Prospero performed a handfasting ceremony for Miranda and Ferdinand (4.1). His stern warning to the young man about breaking Miranda’s virgin-knot goaded Ferdinand into an obviously insincere suitor’s speech about his honourable intentions. Prospero did not look impressed. He nodded cynically, saying “Fairly spoke”.
Although comical, the serious point underlying this was Prospero’s disenchantment with youth, and Ferdinand in particular. Despite effectively hand-picking Ferdinand for Miranda’s attentions, Prospero could not disguise his lack of respect. Marrying the couple almost seemed like a tedious job of work rather than a labour of love by a devoted father.
Prospero sent the couple to sit upstage and summoned Ariel. He turned the hourglass over to start it again. He had to return upstage and pull Ferdinand off Miranda when he noticed them canoodling. His words “Look thou be true. Do not give dalliance too much the rein” fitted nicely with their sudden enthusiasm for each other. Ferdinand responded to this with yet more vows of chastity, which caused Prospero to roll his eyes. This was very funny to watch.
He sat the couple on the ground downstage and produced the pageant. A long strip of sheet unfurled from the flies like a walkway and Iris hovered in the air stage right, appearing to walk down it. She announced the entry of Ceres who flew in stage left suspended in a loop of cloth. Juno descended on the bridge only when mentioned. Her hair and face were gold, in a style rather reminiscent of Queen Elizabeth, and the bridge was decorated with large golden fans. The islanders below presented the dance of the reapers. This was a very stunning and effective staging that seemed like a recreation of a Jacobean court masque.
Remembering Caliban’s plot, Prospero called a halt to proceedings. The lighting changed abruptly to illuminate the ground and put the masque into darkness. The extensive and visually stunning revels really were now ended.
Unfortunately, when Ralph Fiennes said “I will plague them all, even to roaring” I got a flashback of Helen Mirren saying the same line in the Julie Taymor film version.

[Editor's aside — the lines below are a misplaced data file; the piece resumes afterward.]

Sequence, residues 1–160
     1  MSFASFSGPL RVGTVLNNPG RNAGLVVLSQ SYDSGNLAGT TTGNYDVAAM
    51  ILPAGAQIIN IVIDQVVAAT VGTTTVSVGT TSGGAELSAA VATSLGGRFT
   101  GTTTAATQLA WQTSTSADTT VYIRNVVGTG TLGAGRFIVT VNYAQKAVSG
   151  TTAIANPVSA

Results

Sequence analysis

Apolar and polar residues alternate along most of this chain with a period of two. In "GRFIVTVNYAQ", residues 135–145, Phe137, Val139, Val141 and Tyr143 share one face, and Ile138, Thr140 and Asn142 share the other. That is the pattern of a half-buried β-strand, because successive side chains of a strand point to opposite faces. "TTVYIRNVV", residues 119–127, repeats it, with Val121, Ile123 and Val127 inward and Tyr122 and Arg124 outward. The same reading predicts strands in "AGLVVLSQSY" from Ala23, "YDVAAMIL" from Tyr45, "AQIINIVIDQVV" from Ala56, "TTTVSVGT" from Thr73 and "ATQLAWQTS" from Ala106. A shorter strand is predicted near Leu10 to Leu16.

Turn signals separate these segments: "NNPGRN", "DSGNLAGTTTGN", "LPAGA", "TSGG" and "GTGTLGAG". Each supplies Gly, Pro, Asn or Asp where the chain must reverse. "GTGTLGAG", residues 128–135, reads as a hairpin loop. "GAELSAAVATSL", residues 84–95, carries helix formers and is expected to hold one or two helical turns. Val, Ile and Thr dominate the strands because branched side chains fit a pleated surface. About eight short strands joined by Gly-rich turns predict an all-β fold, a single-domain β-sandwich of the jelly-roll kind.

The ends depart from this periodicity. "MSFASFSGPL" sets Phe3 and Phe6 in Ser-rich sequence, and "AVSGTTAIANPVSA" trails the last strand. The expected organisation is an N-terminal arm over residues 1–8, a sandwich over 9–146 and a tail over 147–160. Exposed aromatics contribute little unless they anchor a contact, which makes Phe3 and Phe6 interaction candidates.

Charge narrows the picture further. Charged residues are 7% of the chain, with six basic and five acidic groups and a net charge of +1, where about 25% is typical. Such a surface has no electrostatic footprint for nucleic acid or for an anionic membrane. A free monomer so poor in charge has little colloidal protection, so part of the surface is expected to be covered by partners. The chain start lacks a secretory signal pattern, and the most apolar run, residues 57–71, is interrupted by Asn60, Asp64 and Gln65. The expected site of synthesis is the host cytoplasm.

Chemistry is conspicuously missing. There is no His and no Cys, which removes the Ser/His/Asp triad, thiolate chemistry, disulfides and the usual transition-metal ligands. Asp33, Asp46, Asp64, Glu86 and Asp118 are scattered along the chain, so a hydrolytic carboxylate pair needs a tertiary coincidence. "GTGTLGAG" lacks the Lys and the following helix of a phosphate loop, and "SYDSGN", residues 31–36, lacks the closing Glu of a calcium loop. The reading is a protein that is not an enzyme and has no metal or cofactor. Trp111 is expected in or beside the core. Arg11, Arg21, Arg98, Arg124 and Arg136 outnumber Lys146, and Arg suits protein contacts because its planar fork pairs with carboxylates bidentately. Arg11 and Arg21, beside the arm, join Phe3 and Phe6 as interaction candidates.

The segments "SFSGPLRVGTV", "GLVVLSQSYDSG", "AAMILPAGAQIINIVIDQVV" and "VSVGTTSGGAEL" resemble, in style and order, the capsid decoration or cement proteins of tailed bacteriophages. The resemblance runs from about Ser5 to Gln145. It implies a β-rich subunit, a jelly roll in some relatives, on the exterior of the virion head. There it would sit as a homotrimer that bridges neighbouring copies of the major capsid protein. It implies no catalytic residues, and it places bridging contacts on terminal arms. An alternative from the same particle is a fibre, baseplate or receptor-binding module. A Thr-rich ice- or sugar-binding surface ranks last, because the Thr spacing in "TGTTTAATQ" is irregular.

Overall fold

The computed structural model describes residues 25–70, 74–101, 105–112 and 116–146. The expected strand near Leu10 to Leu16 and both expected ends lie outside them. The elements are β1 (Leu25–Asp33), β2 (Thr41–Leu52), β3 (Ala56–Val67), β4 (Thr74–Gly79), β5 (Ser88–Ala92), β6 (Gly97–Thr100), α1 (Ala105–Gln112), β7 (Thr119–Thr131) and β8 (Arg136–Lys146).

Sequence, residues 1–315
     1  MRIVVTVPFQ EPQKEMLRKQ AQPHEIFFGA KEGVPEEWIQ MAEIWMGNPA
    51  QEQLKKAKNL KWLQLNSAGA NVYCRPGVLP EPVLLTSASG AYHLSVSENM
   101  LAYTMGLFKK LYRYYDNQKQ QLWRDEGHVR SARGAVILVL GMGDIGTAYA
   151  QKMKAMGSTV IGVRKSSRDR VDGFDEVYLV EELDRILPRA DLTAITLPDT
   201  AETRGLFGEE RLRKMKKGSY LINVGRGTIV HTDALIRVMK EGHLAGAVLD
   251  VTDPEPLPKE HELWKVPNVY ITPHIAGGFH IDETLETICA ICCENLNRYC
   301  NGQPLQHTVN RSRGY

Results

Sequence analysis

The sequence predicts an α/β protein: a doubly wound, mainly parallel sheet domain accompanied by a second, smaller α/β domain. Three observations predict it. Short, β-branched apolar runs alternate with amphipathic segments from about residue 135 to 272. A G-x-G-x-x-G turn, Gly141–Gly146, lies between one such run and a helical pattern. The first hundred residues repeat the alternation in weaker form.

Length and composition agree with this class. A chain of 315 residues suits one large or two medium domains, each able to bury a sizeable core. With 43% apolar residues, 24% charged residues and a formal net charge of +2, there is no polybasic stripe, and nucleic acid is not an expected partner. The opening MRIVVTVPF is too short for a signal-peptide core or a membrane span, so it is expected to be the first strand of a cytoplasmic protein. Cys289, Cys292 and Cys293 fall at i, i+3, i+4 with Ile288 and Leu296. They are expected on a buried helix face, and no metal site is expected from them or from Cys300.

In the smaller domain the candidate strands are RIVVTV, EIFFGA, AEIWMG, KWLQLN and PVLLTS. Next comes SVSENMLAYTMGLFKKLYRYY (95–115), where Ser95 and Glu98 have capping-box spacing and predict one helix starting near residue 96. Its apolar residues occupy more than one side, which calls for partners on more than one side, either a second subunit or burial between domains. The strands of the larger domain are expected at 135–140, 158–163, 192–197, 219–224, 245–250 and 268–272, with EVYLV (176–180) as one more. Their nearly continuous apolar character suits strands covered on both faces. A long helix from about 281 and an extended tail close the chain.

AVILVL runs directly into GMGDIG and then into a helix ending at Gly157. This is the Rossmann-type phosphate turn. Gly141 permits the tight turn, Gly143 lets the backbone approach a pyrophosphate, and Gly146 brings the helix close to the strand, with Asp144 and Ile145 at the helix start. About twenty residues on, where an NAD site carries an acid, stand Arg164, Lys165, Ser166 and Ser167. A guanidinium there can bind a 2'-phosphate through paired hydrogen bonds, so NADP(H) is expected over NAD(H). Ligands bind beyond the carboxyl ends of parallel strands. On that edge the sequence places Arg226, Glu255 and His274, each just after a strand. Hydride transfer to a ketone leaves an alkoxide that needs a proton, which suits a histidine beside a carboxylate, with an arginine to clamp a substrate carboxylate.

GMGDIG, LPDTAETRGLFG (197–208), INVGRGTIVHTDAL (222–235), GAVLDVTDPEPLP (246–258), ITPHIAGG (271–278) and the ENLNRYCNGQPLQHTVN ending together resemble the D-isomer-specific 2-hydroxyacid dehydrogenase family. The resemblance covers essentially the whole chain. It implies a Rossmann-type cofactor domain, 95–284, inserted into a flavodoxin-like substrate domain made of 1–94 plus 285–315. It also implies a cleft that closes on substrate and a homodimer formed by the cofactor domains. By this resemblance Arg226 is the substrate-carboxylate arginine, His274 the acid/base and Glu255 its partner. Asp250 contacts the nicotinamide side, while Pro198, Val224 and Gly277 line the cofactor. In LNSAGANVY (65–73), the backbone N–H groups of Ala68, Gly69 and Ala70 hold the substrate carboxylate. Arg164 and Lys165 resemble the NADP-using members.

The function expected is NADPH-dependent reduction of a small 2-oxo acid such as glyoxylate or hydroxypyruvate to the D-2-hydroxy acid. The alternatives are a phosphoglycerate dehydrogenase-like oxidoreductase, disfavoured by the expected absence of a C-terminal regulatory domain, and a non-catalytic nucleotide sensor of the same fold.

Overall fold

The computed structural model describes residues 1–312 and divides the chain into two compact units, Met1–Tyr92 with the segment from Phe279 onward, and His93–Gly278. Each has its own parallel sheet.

Caliban, Stephano and Trinculo approached Prospero’s cell. Caliban led the way and appeared to be taking the mission very seriously. He was therefore very annoyed when a clothes line suddenly shot across the stage, causing the others to turn back and put on the clothes.
Prospero, Ariel and the other spirits appeared and barked at the conspirators like dogs, chasing them away. Prospero’s concluding triumph about his enemies lying at his mercy was quite scary.
At the beginning of act five, Prospero entered just as he had done at the start of the play in his magic robes, carrying his staff and book. Ariel urged compassion, and Prospero appeared to be affected by this advice. He would practice virtue rather than vengeance.
Prospero used his staff to cast a spell creating a dimly lit circle around him. His speech about abjuring his rough magic was excellently spoken and unleashed the power of the verse. When Ralph Fiennes said that he had made promontories shake, you were inclined to believe him.
Still under Prospero’s enchantment, the nobles slowly made way onstage. Their arms were outstretched and the men tentatively groped the air as if unable to see. This looked a little forced. Prospero made them circle round and talked about them in turn.
His anger at Antonio caused him to make striking motions towards his brother with his staff, a first indication that his vow of clemency was proving difficult for him to keep. He had accepted at an intellectual level that mercy was the best course, but his residual anger towards Antonio still rebelled against it.
He asked Ariel to fetch his formal ducal uniform and he changed into it onstage with Ariel providing cover. As he put on the sword of office he looked at Antonio and partly drew it from its scabbard. This was another indication of the resentment he still felt towards his brother.
When the nobles had emerged from their trance, Prospero touched Alonso to assure him that he was real. Alonso remained doubtful until he felt Prospero’s pulse. He bowed to Prospero as he resigned his dukedom. When Prospero spoke to Antonio he paused slightly before pronouncing his pardon, but it seemed that the struggle to forgive had finally been won.